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Where Have All The Corner Outfielders Gone?

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Left field was where teams used to hide bats who weren’t good defensively, but is that still true today?

MLB: Atlanta Braves at Miami Marlins
Matt Kemp
Jasen Vinlove-USA TODAY Sports

Once upon a time, when a team had a strong bat with limited defensive skills they knew just what to do with him. They stuck him in a corner outfield position. The corner outfielders, along with your first baseman (and in the AL, of course, DH) were going to be your best offensive producers. If your right fielder happened to have a good arm, so much the better, but the guys in the corners were getting paid to hit.

But in recent years, that logic seems to have shifted. Last year, corner outfielders were not, at least on average, the offensive juggernauts of most line ups. If you wanted to find offensive production in 2016, you’d need to look to the infield.

League Average By Position

Position PA wRC+ fWAR fWAR/600
Position PA wRC+ fWAR fWAR/600
2B 20,855 105 94.9 2.73
3B 20,683 107 93.8 2.72
CF 20,807 99 88.0 2.54
SS 20,314 92 74.3 2.19
C 19,220 87 61.7 1.93
RF 20,729 103 55.5 1.61
1B 20,631 110 50.0 1.45
LF 20,424 97 43.5 1.28
DH 9,546 109 11.9 0.75
League Average by Position

Let’s consider these average performances from the 2016 season. Corner outfielders have not performed much above replacement level. 1.28 and 1.61 fWAR are well below what people would expect out of the average starting position player, but that’s what teams got out of their corner outfielders last year.

Left field is traditionally an offense-first position, but production from that corner in 2016 was tepid. The 97 wRC+ from 2016 was the lowest over the last decade. In seven of the past ten seasons left fielders put up between 103-107 wRC+. Only three left fielders cleared three fWAR last season with Starling Marte, Christian Yelich, and Ryan Braun leading the way.

Right field fared a bit better, but the 103 wRC+ is the lowest in the last ten seasons. The remaining seasons over the last ten years right fielders hit for 107-114 wRC+. Five right fielders cleared three fWAR: Mookie Betts, Adam Eaton, Kole Calhoun, George Springer, and Bryce Harper.

MLB: Toronto Blue Jays at Tampa Bay Rays
Corey Dickerson (10), right fielder Steven Souza Jr. (20) and center fielder Kevin Kiermaier (39)
Kim Klement-USA TODAY Sports

Why is offense dropping from these offense first positions?

Of course, one year of data may not make a trend. These positional averages can be skewed by a few outliers — a few second basemen have break-out years; a few key corner outfielders get injured and you can get a completely different look than you might have the next season.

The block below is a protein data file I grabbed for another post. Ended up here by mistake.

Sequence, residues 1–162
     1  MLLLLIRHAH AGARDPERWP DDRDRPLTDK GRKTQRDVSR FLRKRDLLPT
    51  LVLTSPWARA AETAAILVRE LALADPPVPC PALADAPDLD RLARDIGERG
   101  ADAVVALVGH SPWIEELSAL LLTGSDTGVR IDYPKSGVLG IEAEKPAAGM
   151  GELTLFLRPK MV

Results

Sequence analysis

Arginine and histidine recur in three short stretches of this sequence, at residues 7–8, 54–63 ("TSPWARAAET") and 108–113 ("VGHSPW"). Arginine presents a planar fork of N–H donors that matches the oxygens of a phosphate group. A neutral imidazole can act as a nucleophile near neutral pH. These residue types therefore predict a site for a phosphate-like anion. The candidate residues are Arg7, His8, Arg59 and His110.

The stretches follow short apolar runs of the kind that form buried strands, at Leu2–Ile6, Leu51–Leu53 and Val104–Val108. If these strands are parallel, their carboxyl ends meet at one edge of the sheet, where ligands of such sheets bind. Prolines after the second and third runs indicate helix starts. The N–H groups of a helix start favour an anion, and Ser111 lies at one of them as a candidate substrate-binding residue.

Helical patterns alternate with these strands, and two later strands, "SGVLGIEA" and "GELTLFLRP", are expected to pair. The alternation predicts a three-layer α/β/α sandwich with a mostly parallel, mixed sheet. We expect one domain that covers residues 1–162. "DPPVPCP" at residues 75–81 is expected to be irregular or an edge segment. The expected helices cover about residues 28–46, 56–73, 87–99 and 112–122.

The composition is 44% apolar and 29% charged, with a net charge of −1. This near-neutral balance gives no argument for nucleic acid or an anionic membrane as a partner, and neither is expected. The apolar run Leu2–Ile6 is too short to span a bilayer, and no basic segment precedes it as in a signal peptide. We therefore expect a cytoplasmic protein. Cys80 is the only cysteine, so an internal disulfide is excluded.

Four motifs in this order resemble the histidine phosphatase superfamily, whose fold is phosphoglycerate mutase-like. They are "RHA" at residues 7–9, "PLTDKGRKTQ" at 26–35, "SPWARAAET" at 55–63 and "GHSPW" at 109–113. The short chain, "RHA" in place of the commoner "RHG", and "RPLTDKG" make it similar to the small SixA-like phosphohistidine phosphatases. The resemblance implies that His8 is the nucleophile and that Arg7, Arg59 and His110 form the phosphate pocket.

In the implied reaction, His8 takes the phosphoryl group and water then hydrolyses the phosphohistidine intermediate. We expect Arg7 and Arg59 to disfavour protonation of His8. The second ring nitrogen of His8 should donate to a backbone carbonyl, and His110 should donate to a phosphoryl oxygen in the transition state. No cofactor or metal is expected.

But it could be that teams have come to value outfield defense, even at the corners, in a way they have not done before.

Last year we saw the poster boy for corner outfield defense, Jason Heyward, get an 8 year, $184MM contract with the Cubs. His defense was still strong and allowed him to put up 1.6 fWAR while producing little offense — his 72 wRC+ barely beat out the Rays catchers at 66 wRC+. That Jose Bautista, Mark Trumbo, Michael Saunders, and Brandon Moss (who might all be plugged into left field) are still looking for free agent contracts suggests that teams aren’t willing to write large checks to outfielders who can’t add defensive value.

If the league continues to value better defense in one of the outfield corners this trend won’t likely be reversed, the Rays may find short term opportunities through what’s left on the free agent market.

What does this mean for the Rays?

The Rays want to add a speedy athletic outfielder who can backup center field to make the outfield more competitive, but that might not be easy to find on the market as it looks every team is looking for similar skills for their outfield corners (again, instead of the prototypical masher).

The answer for the Rays might be to go for the bat instead of heavily valuing defense in their fourth outfielder. Add to the team through offense, and give that player plenty of time at designated hitter, or split time in the outfield to try to keep Dickerson and Souza as healthy as possible. This would have the Rays effectively putting their eggs in the Kiermaier basket and hoping he stays healthy, but it’s a gamble the team may be able to parlay into more value overall.

The Rays historic focus on run prevention once allowed them to take advantage of a market that undervalued defensive skills. Those days are over. If the Rays want to upgrade the roster, they may need to take a look at some of the offense-first players who now may represent a new market in-efficiency.